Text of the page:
The first time Mary Katherine Ray encountered a leg-hold trap on one of her solo wilderness jaunts, she was lucky.
She was hiking with her two leashed dogs, hours from civilization, when they caught wind of the trap’s smelly bait and dragged her toward it. She unknowingly nudged the trap with her foot and it sprang shut, harmlessly.
Out of curiosity, she tried to pry it open and failed. Had the trap closed on one of her dogs, she realized, she would have been helpless to release him.
“It really shook me,” she said.
When Ray recounted this story to her friends, she realized with horror that she was not alone in her experience with traps. It registered that hers wasn’t a one-off situation— traps littered New Mexico’s public lands, and they posed a danger to any person or dog recreating there. Her crusade for wildlife was born.
Today, Ray is the wildlife chair of the Rio Grande Sierra Club Chapter, striving to change carnivore policy in New Mexico.
Time for a Change
Ray and her husband built their dream home in rural Socorro County, N.M., nearly 30 years ago. The house’s location— “in the middle of nowhere but, to us, in the center of everything,” according to Ray—also places Ray in the center of an ongoing battle over New Mexico’s carnivores.
On the one side: trappers and the livestock industry, who for years have wielded their influence to maintain a stranglehold on the state’s exploitative carnivore policies. On the other: conservationists, wildlife enthusiasts, and numerous New Mexico residents who view trapping as archaic and cruel.
The battle came to a head during the recent 2019 New Mexico legislative session, which featured two prominent carnivore-related bills: HB 366 to end trapping on public lands and SB 76 to ban coyote killing contests.
As she followed the bills’ progress, Ray was appalled at the vitriolic discourse around coyotes, which are frequent victims of trapping in addition to targets of killing contests.
“The hatred that some people have towards this small native carnivore defies reason,” she said. “It makes me think the issue is about something bigger than coyotes. It’s about controlling nature. It’s about economic factors that you can’t control.”
As a former science teacher, she knows the ecology well: ecosystems need coyotes to keep rodent and rabbit populations in check. And as an observer of coyotes on her property, she knows their intelligence and beauty well, too. So the more she hears the invective against them, the more it’s clear to her that they’re not the monsters others make them out to be—and the more evident it is that New Mexico’s policies need to change.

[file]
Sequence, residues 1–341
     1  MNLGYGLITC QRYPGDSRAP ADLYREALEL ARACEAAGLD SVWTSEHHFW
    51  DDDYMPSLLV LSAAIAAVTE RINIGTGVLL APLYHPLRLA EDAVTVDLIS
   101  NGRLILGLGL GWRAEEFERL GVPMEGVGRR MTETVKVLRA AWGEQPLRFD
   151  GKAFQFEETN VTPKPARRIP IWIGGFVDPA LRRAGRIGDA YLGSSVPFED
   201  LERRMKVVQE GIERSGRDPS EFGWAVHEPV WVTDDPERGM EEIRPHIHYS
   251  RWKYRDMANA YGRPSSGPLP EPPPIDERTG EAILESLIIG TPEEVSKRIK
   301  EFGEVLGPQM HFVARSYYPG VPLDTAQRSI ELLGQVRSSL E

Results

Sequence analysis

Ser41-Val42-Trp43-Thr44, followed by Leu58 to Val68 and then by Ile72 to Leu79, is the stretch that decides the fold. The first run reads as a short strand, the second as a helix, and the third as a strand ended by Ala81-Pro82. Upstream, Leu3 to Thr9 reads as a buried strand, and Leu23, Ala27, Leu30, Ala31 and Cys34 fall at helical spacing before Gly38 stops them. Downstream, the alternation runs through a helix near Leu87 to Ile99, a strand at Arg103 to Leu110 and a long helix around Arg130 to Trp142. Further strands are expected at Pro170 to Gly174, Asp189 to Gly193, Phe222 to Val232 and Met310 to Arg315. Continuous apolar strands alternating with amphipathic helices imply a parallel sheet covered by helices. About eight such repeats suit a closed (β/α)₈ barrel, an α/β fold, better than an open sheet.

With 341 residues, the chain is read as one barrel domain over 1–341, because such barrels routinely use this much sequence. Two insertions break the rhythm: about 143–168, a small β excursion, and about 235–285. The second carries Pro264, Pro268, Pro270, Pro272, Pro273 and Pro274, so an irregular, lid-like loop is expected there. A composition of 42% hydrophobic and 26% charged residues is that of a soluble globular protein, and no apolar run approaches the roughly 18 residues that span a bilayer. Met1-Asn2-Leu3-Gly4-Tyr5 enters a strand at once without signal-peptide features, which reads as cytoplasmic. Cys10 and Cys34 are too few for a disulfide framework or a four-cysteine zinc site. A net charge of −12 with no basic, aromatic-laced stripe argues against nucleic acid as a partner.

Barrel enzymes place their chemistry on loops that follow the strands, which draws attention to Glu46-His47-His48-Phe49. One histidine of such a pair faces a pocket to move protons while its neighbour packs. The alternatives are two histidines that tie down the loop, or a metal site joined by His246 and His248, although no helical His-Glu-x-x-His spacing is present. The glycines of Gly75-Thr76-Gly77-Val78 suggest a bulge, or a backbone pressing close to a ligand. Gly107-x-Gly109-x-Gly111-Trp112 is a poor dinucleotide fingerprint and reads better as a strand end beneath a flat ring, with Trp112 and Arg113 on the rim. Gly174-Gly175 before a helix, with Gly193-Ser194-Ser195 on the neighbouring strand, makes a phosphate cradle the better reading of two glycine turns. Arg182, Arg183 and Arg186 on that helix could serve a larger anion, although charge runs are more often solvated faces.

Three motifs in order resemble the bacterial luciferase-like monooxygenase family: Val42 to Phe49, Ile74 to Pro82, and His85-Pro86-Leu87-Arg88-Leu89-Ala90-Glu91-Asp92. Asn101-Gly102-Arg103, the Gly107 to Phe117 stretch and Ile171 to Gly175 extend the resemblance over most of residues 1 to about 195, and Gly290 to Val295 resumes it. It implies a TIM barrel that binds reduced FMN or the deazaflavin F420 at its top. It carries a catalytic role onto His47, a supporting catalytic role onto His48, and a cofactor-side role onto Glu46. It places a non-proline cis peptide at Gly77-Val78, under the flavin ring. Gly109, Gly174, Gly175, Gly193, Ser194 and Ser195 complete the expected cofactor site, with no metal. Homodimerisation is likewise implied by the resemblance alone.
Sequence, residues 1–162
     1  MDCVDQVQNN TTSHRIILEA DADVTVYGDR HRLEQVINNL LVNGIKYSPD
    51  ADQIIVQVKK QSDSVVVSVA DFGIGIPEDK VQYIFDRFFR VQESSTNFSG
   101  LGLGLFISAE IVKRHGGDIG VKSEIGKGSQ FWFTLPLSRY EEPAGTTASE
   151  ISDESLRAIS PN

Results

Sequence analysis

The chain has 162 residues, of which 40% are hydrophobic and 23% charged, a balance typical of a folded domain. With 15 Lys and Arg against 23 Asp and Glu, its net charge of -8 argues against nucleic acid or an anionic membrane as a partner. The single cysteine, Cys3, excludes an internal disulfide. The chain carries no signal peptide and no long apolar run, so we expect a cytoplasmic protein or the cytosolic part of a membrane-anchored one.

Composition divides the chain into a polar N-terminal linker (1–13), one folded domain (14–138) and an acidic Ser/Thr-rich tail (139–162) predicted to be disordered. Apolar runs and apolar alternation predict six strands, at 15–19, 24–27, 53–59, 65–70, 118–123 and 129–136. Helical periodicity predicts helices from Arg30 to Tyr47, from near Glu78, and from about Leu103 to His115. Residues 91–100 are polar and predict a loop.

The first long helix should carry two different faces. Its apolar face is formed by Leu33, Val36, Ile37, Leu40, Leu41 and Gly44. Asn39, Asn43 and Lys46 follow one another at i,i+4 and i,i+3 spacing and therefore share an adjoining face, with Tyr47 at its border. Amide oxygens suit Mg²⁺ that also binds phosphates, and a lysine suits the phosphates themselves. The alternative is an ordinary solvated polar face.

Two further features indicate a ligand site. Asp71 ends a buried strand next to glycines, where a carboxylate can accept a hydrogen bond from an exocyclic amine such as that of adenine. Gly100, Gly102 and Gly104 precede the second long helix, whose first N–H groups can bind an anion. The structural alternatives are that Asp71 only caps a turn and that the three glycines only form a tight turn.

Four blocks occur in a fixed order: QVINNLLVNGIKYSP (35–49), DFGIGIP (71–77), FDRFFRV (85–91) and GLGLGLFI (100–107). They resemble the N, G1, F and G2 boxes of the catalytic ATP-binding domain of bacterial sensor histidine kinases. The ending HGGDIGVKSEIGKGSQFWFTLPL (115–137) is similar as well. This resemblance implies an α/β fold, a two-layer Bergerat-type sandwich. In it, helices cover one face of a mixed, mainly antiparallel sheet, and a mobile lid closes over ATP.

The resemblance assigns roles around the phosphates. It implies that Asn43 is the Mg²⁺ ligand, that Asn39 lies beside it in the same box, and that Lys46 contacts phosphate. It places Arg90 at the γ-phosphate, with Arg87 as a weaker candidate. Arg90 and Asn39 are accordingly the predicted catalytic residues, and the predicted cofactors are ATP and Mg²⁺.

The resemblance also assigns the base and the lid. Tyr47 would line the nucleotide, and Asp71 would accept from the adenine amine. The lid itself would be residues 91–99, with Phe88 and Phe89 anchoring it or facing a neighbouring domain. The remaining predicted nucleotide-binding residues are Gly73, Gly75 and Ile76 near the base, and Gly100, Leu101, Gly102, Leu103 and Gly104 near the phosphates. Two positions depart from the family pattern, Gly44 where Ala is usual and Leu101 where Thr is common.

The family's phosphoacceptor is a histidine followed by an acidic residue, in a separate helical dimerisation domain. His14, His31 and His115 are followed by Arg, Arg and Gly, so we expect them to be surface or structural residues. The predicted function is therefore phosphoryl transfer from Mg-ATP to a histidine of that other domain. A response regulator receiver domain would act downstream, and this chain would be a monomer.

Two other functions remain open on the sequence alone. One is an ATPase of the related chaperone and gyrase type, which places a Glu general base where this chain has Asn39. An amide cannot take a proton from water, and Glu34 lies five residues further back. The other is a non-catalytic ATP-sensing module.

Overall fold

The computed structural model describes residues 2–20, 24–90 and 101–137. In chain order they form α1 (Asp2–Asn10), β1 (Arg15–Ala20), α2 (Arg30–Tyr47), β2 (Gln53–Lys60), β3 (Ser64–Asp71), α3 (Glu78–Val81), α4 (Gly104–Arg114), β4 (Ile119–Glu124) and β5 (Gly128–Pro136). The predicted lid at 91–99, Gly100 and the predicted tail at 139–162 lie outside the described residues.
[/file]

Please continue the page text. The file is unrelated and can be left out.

“Our work is cut out for us,” she said.
What it Takes
The second time Mary Katherine Ray encountered a leg-hold trap, she wasn’t so lucky.
“I knew right away what happened,” she said. “My dog leapt in the air. And the sound of it…it was unearthly.”
Her dog, Greta, escaped, but there was another casualty: Ray’s ability to enjoy the public lands near her home. She’s rarely returned since, and never during the trapping season.
“I feel like that place has been stolen from me,” she said. “I long for the day when that isn’t true anymore, when I can walk my dog not feeling that it’s a risk.”
It seems that day is drawing closer—thanks, in no small part, to advocacy by Ray and a tight community of New Mexico environmental organizations, including WildEarth Guardians.
When the New Mexico legislature was debating HB 366, Ray woke up at the crack of dawn and drove four hours in the dark to testify on the bill’s behalf. Before it died on the House floor, HB 366 made it through two committees—an unprecedented feat in a state inhospitable to wildlife legislation.
Ray and her colleagues also began recruiting carnivore defenders across the state to attend protest rallies and write emails to end coyote killing contests. After years and a massive group effort, in April New Mexico’s governor signed SB 76, which does just that. Coyote killing contests are now unlawful in the Land of Enchantment.
While wildlife cruelty won’t vanish from New Mexico overnight, SB 76’s success is, “I hope, a bellwether of how the times are starting to change,” Ray said. “There’s that adage: endless pressure, endlessly applied. That’s what it takes.”